public interface InterfaceX {
   public abstract void aMethodX();

public interface InterfaceY {
   public abstract String aMethodY(final String s);
Class FatImplementation implements both InterfaceX and InterfaceY:
public class FatImplementation implements InterfaceX, InterfaceY {
   public void aMethodX() {
   public String aMethodY(final String s) {
      return ...;
And... Ladies and Gentlemen... the crazy client class, whose method is casting to InterfaceX an InterfaceY reference, relying on the fact that FatImplementation implements both interfaces:

public class CrazyClass {
 public void theCrazyCastingMethod(final InterfaceY y) {

This is an improper use of abstraction - inheritance programming model, since the cast succeeds only with a specific implementation (FatImplementation) of given interface and polymorphism is actually not possible.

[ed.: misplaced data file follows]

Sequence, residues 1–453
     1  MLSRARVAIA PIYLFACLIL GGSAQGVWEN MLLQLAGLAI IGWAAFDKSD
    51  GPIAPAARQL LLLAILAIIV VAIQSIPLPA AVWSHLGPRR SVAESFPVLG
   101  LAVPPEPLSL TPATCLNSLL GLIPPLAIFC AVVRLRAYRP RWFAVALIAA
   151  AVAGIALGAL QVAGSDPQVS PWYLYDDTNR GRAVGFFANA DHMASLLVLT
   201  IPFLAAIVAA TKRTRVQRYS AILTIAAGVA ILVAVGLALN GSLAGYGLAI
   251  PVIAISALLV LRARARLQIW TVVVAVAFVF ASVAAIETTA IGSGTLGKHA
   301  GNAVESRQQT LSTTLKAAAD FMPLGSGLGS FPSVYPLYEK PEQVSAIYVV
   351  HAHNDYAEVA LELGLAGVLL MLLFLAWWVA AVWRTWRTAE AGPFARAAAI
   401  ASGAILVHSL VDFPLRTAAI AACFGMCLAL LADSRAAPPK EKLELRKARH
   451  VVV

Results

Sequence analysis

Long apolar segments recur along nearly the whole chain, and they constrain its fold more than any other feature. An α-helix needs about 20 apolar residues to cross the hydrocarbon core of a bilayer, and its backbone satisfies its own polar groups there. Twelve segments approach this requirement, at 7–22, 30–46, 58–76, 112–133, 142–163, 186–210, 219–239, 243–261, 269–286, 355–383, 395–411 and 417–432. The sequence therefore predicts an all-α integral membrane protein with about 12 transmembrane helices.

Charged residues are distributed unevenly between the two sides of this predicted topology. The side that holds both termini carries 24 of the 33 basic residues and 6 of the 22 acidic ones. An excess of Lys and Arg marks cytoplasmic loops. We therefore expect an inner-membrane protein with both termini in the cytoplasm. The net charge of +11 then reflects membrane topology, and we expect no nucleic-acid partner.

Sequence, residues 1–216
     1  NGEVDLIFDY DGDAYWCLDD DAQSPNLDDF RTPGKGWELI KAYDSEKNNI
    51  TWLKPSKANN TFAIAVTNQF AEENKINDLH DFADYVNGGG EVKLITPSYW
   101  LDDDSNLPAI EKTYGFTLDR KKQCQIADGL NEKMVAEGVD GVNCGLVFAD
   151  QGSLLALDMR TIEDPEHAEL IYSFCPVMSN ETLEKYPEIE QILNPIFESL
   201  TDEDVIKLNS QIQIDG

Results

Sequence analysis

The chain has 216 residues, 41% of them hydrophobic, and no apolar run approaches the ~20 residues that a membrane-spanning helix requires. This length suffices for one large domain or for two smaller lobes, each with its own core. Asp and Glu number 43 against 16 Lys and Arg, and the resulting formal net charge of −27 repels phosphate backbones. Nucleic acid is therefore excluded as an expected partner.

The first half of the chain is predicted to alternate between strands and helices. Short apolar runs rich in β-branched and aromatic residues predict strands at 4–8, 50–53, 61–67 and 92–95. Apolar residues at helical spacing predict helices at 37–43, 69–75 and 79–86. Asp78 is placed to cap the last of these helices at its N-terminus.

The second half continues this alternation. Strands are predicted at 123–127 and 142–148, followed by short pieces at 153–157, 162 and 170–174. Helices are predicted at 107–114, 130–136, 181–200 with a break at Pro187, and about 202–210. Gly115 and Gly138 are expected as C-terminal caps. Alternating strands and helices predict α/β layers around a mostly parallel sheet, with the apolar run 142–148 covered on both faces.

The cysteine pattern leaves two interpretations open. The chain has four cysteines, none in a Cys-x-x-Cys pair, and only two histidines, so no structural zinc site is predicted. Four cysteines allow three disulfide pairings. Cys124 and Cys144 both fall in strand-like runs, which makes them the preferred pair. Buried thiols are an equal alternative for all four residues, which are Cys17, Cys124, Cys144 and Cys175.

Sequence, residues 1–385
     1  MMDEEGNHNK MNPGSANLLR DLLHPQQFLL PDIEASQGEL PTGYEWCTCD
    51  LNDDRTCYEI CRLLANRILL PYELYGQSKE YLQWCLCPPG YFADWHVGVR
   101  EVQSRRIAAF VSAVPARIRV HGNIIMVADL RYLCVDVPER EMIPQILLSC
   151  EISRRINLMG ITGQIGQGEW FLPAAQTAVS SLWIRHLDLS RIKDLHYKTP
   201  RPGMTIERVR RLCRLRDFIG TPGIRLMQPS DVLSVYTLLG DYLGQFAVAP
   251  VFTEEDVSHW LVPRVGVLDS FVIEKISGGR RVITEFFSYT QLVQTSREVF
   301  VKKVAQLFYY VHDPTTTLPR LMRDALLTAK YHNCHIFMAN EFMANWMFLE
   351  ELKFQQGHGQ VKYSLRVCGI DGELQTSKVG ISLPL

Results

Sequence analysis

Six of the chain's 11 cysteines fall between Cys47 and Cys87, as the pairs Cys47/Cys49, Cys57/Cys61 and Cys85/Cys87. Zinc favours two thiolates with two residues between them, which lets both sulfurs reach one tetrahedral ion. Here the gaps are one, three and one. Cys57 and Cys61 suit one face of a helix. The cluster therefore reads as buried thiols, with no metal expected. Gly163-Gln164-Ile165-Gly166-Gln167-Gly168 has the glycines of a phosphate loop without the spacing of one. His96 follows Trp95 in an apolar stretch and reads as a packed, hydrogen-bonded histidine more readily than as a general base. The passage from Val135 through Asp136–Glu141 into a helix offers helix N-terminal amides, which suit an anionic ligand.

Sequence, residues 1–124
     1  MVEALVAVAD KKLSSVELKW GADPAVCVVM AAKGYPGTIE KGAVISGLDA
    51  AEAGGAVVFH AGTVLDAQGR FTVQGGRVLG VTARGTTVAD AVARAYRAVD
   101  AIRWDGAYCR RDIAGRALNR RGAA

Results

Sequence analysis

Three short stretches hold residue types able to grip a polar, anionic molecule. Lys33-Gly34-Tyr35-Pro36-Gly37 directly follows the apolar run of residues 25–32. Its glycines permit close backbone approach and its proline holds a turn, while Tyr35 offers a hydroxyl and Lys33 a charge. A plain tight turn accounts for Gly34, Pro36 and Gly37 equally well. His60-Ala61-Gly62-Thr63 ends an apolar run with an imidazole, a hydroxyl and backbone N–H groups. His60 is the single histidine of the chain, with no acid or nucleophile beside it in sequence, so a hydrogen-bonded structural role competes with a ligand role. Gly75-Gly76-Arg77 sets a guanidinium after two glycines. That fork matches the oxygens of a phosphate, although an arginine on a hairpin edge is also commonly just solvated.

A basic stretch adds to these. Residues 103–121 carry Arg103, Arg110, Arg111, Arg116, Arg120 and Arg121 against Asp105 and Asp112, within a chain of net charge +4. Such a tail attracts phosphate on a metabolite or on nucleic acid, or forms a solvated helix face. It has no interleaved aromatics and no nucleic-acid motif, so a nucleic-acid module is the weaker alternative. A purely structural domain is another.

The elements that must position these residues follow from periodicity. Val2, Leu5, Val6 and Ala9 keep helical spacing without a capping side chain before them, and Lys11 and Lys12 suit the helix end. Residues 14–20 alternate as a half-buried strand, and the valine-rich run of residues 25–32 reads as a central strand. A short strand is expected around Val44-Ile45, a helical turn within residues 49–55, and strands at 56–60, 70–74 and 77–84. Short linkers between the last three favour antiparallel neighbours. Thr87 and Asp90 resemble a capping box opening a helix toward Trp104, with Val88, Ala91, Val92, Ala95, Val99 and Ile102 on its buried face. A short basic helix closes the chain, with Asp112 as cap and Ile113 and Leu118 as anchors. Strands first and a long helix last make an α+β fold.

... ... ... poorly and foolishly designed, isn't it? And... what if I said that InterfaceX and InterfaceY, in the original code, where StatefulXXX and StatelessXXX? So... FatImplementation was stateful and stateless at the same time! AAAAAAHHHH!

13 February 2012

Minimal log4j.xml configuration file template

Here a log4j.xml file template, providing a minimal log4j's configuration that enables console output and DEBUG logging level for a given base package - logging level is set to WARN for remaining packages.

<?xml version="1.0" encoding="UTF-8"?>
<!DOCTYPE log4j:configuration SYSTEM "log4j.dtd">
 <appender name="CONSOLE" class="org.apache.log4j.ConsoleAppender">
  <param name="Target" value="System.out" />
  <param name="Threshold" value="DEBUG" />
  <layout class="org.apache.log4j.PatternLayout">
   <param name="ConversionPattern"
    value="%d{ABSOLUTE} %-5p [%c{1}] %m%n" />
 <!-- Insert your own base-package HERE! -->
 <logger name="org.amicofragile">